BullionByPost has struck gold with a modest investment and a cautious approach to international expansion. David Prosser reports

When he received a £10,000 inheritance from his mother in 2008, Rob Halliday-Stein, who worked in online fashion, wanted to find a safe haven for the money. The credit crunch was threatening the banking system – and so he decided to pay a visit to a London bullion dealer.

He was amazed to find a queue of would-be buyers of gold and silver snaking right round the office and down the street. Inspiration stuck Halliday-Stein on the spot. “It was obvious there was this huge demand among savers and investors to buy gold and silver, but it was really difficult to do,” he recalls. “In a business that was old-fashioned and inaccessible, I realised that there was a market for an online bullion dealer able to use technology to offer great customer service. We set out to make buying gold and silver simple – and to be the UK’s No 1 online bullion dealer.”

Halliday-Stein decided to set up BullionByPost, an online bullion dealer based in Birmingham. Ten years later, the business’s sales have reached £125 million a year and the company is expanding across Europe. The founder and managing director’s internationalisation strategy is already paying dividends: last year’s launch in France saw the firm take £1 million in orders in its first month alone.

The numbers are impressive for a business built on what might be considered inauspicious beginnings in the wake of the financial crisis. With UK sales growing rapidly, Halliday-Stein’s attentions have turned to overseas.

“It’s really only in the past 12 months that we’ve focused seriously on our international ambitions,” Halliday-Stein says. “The business has been growing so fast, we’ve had other priorities.” One reason for the delay, he explains, has been an issue that other entrepreneurs would do well to consider when starting out.

“When we first designed our platform, we didn’t even think about selling overseas, so we’ve had an enormous amount of work to do,” Halliday-Stein says. “It would have been so much easier if we’d thought about exports from the start – even if we’d just mentioned the idea to our developers so there was less work to do when we were ready to consider overseas markets.”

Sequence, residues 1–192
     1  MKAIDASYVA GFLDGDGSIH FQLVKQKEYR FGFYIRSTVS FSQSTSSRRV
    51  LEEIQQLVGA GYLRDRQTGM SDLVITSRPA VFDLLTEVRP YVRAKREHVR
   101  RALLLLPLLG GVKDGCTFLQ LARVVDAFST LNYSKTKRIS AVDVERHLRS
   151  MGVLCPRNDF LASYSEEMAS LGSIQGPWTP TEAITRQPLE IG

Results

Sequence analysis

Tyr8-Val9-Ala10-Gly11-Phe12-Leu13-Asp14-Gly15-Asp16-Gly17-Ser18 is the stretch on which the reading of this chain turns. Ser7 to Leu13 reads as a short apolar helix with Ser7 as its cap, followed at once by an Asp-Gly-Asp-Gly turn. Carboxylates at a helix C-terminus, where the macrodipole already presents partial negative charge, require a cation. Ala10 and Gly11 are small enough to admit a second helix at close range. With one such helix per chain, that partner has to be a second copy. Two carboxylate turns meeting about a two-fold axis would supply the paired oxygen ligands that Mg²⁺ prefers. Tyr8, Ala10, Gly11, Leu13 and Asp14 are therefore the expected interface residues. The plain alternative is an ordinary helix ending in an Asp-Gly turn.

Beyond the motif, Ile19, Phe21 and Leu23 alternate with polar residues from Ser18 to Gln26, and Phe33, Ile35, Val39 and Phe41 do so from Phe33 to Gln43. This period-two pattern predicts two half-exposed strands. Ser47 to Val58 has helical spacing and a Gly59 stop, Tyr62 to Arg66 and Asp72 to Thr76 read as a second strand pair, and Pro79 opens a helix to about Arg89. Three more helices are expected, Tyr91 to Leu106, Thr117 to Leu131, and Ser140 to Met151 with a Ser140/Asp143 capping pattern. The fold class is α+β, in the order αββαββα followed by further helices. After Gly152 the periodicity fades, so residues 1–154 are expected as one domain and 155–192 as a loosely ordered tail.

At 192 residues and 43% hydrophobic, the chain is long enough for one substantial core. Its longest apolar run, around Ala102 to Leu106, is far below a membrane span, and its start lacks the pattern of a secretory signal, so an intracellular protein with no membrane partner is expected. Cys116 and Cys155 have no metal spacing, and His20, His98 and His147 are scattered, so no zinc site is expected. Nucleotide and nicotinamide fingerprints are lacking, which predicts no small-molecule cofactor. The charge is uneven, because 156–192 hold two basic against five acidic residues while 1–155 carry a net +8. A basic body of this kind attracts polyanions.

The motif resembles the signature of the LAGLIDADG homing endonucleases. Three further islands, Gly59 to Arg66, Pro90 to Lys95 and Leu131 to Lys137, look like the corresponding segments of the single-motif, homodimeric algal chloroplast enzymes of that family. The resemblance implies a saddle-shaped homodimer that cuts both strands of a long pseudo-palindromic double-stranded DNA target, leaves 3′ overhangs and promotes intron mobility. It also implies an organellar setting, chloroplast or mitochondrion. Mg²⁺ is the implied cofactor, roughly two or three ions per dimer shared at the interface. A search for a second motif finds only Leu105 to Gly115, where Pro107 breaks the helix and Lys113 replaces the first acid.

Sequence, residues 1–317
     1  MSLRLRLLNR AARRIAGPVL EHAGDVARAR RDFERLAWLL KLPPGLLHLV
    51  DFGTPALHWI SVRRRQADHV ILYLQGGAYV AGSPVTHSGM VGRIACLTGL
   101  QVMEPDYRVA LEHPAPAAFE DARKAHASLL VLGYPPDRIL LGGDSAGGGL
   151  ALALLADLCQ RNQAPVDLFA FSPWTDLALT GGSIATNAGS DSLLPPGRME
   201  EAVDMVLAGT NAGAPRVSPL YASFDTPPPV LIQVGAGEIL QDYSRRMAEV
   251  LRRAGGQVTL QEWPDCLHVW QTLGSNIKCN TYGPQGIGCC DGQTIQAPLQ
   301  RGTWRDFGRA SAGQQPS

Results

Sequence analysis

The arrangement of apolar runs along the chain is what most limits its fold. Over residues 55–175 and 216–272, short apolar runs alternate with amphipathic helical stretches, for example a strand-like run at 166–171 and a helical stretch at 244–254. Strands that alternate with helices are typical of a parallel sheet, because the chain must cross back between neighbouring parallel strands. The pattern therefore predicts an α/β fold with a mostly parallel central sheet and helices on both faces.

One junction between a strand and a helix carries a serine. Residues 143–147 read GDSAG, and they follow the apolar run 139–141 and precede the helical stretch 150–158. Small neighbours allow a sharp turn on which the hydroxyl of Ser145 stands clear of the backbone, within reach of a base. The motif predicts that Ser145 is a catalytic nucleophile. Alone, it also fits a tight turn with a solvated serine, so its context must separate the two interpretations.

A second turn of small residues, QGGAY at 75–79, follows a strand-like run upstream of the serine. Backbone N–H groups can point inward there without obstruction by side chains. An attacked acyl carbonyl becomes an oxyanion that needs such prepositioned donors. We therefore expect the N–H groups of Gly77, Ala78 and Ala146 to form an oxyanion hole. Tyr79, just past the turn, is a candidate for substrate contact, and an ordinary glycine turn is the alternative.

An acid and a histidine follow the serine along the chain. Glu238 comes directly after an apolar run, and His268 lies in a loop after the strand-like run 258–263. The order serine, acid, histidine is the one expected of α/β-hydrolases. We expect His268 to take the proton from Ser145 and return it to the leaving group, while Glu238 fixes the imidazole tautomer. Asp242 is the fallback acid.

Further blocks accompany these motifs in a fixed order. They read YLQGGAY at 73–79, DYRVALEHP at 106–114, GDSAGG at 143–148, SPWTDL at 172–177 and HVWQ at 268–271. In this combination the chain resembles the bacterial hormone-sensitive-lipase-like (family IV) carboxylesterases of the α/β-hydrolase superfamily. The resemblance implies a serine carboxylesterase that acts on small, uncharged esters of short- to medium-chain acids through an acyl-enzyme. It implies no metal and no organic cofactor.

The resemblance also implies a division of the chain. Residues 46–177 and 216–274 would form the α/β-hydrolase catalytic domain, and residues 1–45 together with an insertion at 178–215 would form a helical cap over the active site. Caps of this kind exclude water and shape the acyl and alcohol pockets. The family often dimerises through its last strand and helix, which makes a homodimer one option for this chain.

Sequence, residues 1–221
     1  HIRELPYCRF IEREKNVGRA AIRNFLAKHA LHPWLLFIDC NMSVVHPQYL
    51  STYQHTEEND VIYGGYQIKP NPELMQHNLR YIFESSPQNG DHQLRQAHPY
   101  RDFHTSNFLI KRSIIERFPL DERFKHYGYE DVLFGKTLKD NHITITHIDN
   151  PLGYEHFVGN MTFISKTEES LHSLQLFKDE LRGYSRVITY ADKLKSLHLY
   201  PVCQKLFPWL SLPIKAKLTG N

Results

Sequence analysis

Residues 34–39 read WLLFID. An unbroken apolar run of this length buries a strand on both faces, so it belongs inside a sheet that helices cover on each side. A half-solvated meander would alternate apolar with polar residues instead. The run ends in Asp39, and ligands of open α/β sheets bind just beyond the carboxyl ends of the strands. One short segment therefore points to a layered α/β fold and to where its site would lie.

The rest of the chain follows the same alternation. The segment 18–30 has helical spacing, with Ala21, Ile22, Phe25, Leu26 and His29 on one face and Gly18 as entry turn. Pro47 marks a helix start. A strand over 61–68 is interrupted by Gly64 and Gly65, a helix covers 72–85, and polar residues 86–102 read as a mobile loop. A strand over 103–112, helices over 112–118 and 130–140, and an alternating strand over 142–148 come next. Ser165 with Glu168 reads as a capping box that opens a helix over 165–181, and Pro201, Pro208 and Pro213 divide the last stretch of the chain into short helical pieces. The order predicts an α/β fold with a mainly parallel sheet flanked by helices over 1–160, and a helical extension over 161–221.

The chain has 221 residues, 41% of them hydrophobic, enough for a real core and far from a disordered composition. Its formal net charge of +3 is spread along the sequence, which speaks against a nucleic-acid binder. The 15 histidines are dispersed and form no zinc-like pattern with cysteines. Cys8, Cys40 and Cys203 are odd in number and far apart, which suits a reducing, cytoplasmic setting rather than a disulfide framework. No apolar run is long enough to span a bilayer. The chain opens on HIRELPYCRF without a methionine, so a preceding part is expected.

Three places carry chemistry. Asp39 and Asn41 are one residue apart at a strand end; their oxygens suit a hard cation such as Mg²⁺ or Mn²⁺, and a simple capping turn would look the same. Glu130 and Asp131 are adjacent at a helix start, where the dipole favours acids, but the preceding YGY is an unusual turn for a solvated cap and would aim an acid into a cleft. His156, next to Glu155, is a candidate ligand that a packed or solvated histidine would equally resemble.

BullionByPost’s approach has been to proceed cautiously, trying out different models – both to gauge demand and to study the resilience of the business’s services.

“We decided early on that we were only interested in markets where we could be No 1 or No 2, so testing that demand has been really important,” Halliday-Stein says.

It began with a launch in Ireland a year ago, with a service designed to test whether it could cope with working in euros; then it moved to France, to look at whether it could be successful with a foreign language-based platform.

The most recent launch was a European Union-wide dealing service that operates in English, which has given the company some valuable intelligence on where demand is highest.

“On a spreadsheet, you’d think Germany would be a great market,” says Halliday-Stein, “but investment in gold and silver is well-established there; instead, based on the data from our EU site, our next country launches will be in Italy, Greece, Spain and Holland.”

“Brexit is giving us some headaches, particularly about who we should hire, since we need native speakers for our overseas websites, but I don’t see a major impact,” he says. “My advice, if you’re worried about selling in the EU, is just to go for it – the UK is a genuine world leader in e-commerce.”

This article first appeared in The Sunday Times on June 3, 2018. To find out how WorldFirst can help you compete like a local business, globally, visit worldfirst.com/